Again, a lot is said about them but actions speak louder than words and I couldn’t tally their behaviour with what Julia told me. Julia says that her cousin Richard is handsome, charming and loved by all. Why he was so universally adored I just couldn’t fathom. It’s true that his cruelty is generally – and secretly – aimed at Julia, but really, he’s such a smarmy little so-and-so that I wouldn’t trust him as far as I could throw him. Then there is Julia, into whose company I was forced because she’s narrating the story. She goes off to Bath with her Mama and returns – so she says – utterly in love, a stronger and more confident young woman, able to stand up her bullying younger cousin Richard. Utter tosh. She’s as weak and simpering as she ever was and drove me completely up the wall. Even when she sees Ricard for what he is, she goes running to him. The strength she says she has is never in evidence, she is completely delusional. “Sensible” really isn’t Julia’s middle name, but “Repetitive” is – I was barely a third of the way through the book before I was heartily sick of hearing about her being “A Lacey on the land!”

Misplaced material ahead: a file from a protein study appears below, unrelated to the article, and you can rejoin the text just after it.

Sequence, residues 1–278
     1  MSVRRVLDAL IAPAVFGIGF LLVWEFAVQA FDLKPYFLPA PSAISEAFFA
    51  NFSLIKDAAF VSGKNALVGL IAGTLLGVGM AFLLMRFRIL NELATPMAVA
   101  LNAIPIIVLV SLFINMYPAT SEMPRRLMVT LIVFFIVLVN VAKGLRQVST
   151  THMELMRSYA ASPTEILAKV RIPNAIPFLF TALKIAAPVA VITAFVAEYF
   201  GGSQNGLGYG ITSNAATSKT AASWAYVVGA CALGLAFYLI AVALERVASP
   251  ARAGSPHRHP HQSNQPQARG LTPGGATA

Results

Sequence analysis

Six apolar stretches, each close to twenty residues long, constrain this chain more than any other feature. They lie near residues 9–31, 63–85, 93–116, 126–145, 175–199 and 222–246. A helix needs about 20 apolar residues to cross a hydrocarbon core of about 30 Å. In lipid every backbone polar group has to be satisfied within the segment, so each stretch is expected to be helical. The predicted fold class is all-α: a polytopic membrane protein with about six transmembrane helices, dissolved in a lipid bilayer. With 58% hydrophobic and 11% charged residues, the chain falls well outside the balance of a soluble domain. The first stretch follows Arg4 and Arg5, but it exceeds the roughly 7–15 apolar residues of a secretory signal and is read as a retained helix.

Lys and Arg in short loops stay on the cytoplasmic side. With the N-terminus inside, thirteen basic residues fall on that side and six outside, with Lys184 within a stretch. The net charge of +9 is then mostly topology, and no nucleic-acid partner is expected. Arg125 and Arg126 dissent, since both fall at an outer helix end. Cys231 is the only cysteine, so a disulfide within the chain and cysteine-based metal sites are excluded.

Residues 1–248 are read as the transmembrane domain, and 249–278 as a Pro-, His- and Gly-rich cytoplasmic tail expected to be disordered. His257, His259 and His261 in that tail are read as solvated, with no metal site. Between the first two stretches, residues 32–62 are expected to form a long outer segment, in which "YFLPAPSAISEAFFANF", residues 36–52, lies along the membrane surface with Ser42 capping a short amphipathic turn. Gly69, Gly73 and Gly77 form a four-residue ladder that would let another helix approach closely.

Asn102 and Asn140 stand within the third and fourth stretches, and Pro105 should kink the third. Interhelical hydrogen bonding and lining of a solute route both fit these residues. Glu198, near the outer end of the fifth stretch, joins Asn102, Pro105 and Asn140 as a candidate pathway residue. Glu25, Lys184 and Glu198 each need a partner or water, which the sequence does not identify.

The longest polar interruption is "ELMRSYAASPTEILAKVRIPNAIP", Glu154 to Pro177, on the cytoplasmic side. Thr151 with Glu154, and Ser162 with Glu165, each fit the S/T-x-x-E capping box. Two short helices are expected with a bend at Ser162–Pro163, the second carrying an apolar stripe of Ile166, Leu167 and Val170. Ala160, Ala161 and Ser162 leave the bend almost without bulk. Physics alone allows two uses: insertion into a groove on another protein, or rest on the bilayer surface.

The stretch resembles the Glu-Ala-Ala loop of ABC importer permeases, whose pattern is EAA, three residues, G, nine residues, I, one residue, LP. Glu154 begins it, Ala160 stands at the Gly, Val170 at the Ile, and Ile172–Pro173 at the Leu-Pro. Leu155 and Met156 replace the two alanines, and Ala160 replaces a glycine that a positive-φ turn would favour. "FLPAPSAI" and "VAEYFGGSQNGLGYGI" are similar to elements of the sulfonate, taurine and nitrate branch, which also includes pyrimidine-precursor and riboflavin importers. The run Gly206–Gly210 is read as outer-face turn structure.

Julia is not the only one that falls prey to a lack of continuity, even her mother and Uncle John say one thing and do another. When her dreams start coming true and Julie says she has the sight, they think she’s losing her mind and pack her off to a doctor in Bath. However, they shrug and get over it when Julia “stands up to them” a little while later.